Have you ever shown up for an event on the wrong date? That’s what I did last weekend, a full two weeks early! My husband and I drove to the Cedar Creek Grist Mill for the annual apple cider event. The website says it’s the last Saturday in October, and I even penciled it in on the correct date on my calendar, so I have no excuse except that I craved apple cider.

When I as a teenager, my brother and his wife used to invite me to pick apples with them in old, forgotten orchards. Sometimes we would stay until dusk, hoping to see a bear…from the safety of the car, of course. We never did see one, but it was exciting to think we might.Some people couldn’t believe my brother would toss the apples into the press without checking for worms. He’d just reply, “A little protein never hurt anybody.”I could hardly wait until those apples had been pressed and the cider had been bottled to take my first taste of cider. It was sweet and tangy at the same time, and if it lasted long enough to start fermenting, it was full of effervescence.Cider is an autumn treat. It isn’t often that I hear of a place that produces fresh-pressed cider, so the event at the Cedar Creek Grist Mill was particularly appealing to me.The drive was highlighted by yellow and orange leaves against dark fir trees, and the deep red leaves of blueberry bushes. Light green fir seedlings sprouted up in fields beside the road. At one point, we could see Mt. St. Helens in the distance, bright white below a cottony white blanket of clouds.We turned onto Cedar Creek Road and descended into a thick forest of trees with trunks lit up by shafts of sunlight, trees with golden leaves at their feet. Once at the mill, we enjoyed a picnic lunch on the back steps, listening to the soothing sounds of the swift creek. Autumn leaves lazily drifted along the slow-moving water in a nearby flume, where they gathered in a bunch, plugging the intake. A small waterfall thundered nearby under a canopy of golden maples.After lunch, we stood on the covered bridge where we could see spawning salmon in the creek below. The Cedar Creek Grist Mill is a National Historic Site, Washington’s only grain-grinding mill that still has its original structural integrity, is water-powered, and grinds with stones. The mill was built in 1876 by George Woodham and his two sons to grind the farmers’ grain into flour or livestock feed. Woodham only stayed until 1879, when he moved and took all of the equipment with him. Mike Lynch was the next owner, but it was seven years before the mill was put back into operation when Lynch leased it to Gustave Utter. Utter built a log dam upstream and constructed a flume. He also installed the same Leffel turbine that is in use today.Gustave Utter was often paid in shares of grain, so he used it to feed to the hogs he raised to sell. Utter stayed longer than the others, lasting until 1901 before moving on. Four years later, Gorund Roslund purchased the mill, but it was another four years until it was operational. He expanded the mill by adding a shingle mill, a machine shop, and a blacksmith shop. When Roslund’s son Victor died in the 1950’s, the State Fisheries Department bought the property. They removed the old dam and built a fish ladder. In 1961, the Fort Vancouver Historical Society leased the mill and registered it as an historic place. Then, in 1980, a group of volunteers organized The Friends of the Cedar Creek Grist Mill to save the operation. The flume, which extends 650’ up Cedar Creek, was completed in 1989. By November 11, 1989, the group was ready to grind wheat to celebrate the Washington Centennial.The mill is a working museum, with demonstrations taking place Saturdays from 1:00-4:00 and Sundays from 2:00-4:00. When we were there, volunteer Tom Henrich gathered visitors on the back porch to explain the history of the mill. Next, guests moved inside for a demonstration by volunteer Fred Shulz. Shulz, in overalls, boots, and a hat perched on his head of white hair, looked right at home in the mill, sitting casually on a galvanized grain-storage can with his arms folded across his chest, and his legs straight out in front of him, toes up,  resting his boots on their heels. After his explanation, he and Tom started the mill, ground grains, and bagged samples for their guests.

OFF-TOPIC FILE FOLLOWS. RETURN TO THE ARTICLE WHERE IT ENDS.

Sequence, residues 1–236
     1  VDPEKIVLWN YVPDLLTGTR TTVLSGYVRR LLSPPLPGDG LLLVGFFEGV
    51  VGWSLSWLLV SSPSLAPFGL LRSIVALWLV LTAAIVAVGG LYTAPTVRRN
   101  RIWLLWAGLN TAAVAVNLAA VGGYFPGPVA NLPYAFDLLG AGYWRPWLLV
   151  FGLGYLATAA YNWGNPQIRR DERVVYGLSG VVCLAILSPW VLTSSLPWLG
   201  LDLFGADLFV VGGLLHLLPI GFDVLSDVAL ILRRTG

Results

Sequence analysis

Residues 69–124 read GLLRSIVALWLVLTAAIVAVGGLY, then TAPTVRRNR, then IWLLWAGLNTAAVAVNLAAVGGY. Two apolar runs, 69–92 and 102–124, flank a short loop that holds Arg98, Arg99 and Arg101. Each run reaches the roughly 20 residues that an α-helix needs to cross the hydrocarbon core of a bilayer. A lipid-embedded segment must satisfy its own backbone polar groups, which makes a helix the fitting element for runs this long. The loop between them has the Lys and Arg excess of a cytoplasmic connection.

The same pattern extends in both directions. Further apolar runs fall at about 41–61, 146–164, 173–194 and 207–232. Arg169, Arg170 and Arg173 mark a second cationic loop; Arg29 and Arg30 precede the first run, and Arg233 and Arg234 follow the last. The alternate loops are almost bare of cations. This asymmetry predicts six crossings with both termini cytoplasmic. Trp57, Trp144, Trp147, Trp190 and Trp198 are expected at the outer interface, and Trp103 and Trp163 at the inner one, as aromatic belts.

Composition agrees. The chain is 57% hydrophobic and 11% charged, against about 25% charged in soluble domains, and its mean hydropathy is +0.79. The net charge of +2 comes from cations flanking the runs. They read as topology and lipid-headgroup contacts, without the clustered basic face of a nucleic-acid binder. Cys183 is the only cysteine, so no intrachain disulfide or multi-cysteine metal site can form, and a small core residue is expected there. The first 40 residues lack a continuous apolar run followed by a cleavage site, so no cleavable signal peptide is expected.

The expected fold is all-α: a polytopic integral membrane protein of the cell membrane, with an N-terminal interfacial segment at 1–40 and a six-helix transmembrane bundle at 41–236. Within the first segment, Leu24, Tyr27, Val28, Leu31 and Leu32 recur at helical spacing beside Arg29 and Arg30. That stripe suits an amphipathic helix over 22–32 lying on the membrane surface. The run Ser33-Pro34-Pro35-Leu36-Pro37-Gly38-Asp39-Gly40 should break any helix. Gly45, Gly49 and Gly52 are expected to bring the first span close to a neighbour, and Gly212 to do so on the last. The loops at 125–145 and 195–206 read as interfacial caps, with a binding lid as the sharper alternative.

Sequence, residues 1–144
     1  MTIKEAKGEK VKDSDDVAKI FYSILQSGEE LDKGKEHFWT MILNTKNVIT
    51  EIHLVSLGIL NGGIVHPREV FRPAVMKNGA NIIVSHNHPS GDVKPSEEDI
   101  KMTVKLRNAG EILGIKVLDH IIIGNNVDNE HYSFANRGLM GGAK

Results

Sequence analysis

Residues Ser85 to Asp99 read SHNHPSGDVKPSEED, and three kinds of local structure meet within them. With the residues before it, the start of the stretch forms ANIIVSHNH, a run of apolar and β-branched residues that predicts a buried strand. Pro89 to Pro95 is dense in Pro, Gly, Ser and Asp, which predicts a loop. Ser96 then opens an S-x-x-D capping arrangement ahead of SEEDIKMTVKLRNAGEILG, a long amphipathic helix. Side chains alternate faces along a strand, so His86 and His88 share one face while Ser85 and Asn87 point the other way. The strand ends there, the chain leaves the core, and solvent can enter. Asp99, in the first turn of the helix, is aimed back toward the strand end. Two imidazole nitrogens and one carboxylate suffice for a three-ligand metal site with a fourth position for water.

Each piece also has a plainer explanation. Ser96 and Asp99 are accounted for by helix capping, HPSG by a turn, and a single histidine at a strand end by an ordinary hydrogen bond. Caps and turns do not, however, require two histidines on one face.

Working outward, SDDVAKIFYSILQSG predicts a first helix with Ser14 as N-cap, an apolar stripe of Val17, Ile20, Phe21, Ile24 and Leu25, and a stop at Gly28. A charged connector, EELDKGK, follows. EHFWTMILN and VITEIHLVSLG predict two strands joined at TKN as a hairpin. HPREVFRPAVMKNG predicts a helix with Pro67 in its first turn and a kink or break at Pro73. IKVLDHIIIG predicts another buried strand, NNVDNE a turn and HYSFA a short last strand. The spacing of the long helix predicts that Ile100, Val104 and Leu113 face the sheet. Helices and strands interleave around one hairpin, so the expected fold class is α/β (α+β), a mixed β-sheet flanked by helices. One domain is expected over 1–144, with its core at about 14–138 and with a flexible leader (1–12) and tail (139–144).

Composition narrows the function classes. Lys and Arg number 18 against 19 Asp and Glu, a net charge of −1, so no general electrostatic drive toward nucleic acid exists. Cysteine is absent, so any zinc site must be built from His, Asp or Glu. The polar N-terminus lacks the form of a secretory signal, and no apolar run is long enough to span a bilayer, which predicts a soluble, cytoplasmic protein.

A covered bridge over Cedar Creek was completed in 1994. People from around the world visit the covered bridge and grist mill, two scenic spots that are often photographed. Admission is free, and tours and field trips can be arranged by calling 360 225-5832. See www.cedarcreekgristmill.com  or call for directions to the mill, which is about 9 scenic miles from Woodland. If you go on October 27th, you can probably sample the apple cider, and you might even get to see some spawning salmon.

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Filed under Family Memories, fishing, South County News, Woodland

Fishing for Memories on the Columbia River

Visit the link below to view my column, and please save my blog in your favorites for future visits!

©South County News/The Daily News
http://www.tdn.com/articles/2007/06/27/southcountynews/news07.txt
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Derby Fills Horseshoe Lake With Fun

 Visit the link below to view my story, but be sure to come right back to my blog!

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©South County News/The Daily News

http://www.tdn.com/articles/2007/05/02/southcountynews/news01.txt

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Filed under fishing, South County News